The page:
Reviews for Journey to the Center of the Moon
A puzzle game you might want to try outdomenthechief | Aug. 6, 2013 | See all domenthechief's reviews »
The game is loosely based on the works of renowned sci-fi author Jules Verne and tells the the story of Michel Arden, a scientist who is travelling to the moon in giant shell that was shot out of a giant cannon. Arden awakes before he reaches his final destination only to find that his two travel companions have both died in mysterious circumstances. As expected, Arden vows to discover just what happened on the journey - odd enough his only witness to the crime was a ckicken - and along the way discovers the secrets of an ancient Lunar civilization. Now how about that, huh?
The main story is quite interesting and I was really in to it. I really wanted to know what happened and I enjoyed the game quite a bit. And what's the best - the major focus of the game is puzzle solving! And the puzzles are quite hard to solve and unfortunately time consuming as well. Arden, the main charatcer, is forced to rely on his wits to survive, and has to use the items around him to solve the puzzles.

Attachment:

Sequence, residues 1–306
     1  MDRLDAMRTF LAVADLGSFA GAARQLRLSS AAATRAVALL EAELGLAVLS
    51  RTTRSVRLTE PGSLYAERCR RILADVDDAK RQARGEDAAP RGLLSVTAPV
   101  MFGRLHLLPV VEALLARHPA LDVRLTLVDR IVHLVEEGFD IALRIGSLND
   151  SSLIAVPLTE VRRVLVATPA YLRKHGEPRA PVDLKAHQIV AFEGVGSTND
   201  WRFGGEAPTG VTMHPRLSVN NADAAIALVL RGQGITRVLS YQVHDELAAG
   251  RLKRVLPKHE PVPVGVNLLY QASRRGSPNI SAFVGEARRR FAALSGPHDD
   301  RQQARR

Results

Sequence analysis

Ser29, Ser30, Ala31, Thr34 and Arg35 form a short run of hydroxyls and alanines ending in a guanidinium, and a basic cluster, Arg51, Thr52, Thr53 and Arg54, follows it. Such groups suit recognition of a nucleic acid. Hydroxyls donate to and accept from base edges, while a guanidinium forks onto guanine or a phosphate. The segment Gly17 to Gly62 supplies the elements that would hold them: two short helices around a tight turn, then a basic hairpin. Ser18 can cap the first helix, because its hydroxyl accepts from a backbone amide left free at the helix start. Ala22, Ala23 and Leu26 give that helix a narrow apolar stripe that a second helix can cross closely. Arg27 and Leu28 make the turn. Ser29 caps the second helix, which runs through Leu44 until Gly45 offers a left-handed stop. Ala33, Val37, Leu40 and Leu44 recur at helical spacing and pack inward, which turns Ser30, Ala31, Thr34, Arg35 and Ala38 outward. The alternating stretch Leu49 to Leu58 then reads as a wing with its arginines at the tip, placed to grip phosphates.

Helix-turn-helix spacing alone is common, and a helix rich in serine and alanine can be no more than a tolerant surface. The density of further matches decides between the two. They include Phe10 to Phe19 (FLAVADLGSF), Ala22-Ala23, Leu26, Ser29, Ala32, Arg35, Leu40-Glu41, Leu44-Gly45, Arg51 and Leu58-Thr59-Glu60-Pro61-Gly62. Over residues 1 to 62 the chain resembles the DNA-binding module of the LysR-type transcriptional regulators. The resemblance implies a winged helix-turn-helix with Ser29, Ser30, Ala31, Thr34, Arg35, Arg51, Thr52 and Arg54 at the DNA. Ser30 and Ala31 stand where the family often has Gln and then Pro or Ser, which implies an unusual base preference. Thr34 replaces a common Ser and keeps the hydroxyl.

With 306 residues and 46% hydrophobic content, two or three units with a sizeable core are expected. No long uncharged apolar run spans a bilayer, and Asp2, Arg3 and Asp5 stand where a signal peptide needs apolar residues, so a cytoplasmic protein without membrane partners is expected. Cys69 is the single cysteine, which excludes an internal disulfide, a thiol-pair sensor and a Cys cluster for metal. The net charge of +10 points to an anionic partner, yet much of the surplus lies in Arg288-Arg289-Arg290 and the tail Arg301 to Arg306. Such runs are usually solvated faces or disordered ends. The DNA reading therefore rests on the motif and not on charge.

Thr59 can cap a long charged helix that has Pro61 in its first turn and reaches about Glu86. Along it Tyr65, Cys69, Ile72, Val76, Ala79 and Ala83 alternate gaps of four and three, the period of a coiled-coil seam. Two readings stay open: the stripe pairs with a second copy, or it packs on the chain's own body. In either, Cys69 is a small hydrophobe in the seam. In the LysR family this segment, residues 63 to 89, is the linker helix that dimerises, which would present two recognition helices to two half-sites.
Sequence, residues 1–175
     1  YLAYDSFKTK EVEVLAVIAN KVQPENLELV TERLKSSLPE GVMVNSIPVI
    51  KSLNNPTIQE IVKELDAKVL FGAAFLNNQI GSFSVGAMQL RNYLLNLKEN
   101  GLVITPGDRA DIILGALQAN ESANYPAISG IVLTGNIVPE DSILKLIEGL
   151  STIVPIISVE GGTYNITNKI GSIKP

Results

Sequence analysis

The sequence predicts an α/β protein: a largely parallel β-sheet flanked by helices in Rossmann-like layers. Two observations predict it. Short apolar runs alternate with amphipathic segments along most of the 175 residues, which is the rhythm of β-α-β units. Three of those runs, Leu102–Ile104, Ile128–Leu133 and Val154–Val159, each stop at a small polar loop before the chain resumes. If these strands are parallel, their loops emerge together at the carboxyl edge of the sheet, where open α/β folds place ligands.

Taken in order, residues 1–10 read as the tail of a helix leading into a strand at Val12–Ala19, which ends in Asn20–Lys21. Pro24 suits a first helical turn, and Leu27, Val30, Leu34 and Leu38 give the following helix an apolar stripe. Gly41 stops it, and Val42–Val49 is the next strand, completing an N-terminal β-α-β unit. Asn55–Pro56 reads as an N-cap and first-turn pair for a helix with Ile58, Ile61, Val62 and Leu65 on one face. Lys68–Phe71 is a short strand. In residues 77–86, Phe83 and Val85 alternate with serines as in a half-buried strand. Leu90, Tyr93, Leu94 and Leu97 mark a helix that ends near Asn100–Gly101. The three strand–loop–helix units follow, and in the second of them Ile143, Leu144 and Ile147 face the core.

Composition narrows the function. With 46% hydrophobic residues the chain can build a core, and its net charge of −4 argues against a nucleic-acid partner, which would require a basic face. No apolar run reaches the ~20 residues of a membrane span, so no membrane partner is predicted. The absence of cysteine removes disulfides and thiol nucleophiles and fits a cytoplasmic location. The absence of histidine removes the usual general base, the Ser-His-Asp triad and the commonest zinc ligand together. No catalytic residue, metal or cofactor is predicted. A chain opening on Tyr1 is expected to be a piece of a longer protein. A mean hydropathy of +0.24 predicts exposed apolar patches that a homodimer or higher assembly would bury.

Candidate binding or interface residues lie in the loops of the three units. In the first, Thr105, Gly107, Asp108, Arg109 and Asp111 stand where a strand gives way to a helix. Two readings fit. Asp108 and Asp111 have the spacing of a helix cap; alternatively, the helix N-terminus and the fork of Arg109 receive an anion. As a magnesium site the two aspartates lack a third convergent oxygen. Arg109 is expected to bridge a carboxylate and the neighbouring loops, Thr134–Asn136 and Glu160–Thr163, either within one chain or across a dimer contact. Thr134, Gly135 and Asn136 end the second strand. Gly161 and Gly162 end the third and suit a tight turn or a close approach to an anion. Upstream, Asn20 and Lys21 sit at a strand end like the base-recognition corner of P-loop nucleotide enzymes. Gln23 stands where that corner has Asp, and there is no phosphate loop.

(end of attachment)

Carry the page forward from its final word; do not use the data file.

The gameplay was interesting and I enjoyed it almost as much as the story, but the graphics are really bad.
All in all I think the game is pretty neat, puzzle gamers really ought to try it out and the price is far from being expensive.
Point and click adventure inspired by Vernemichalmichal | Aug. 6, 2013 | See all michalmichal's reviews »
I am a fan of adventure games and have read some books by Jules Verne as a kid, so I wanted to check if the Journey to the Center of the Moon was any good. And what I found was that it's a decent point and click adventure game with interesting locations and an alien race of Selenites. In fact interactions with Selenites seem to be the focal point of the game, at least for me. You get to learn about their civilization and culture, learn their language and get to know them better. Although the game is not a faithful representation of Verne's work, it captures the feel of his works and has enough references to please a fan of Verne's books.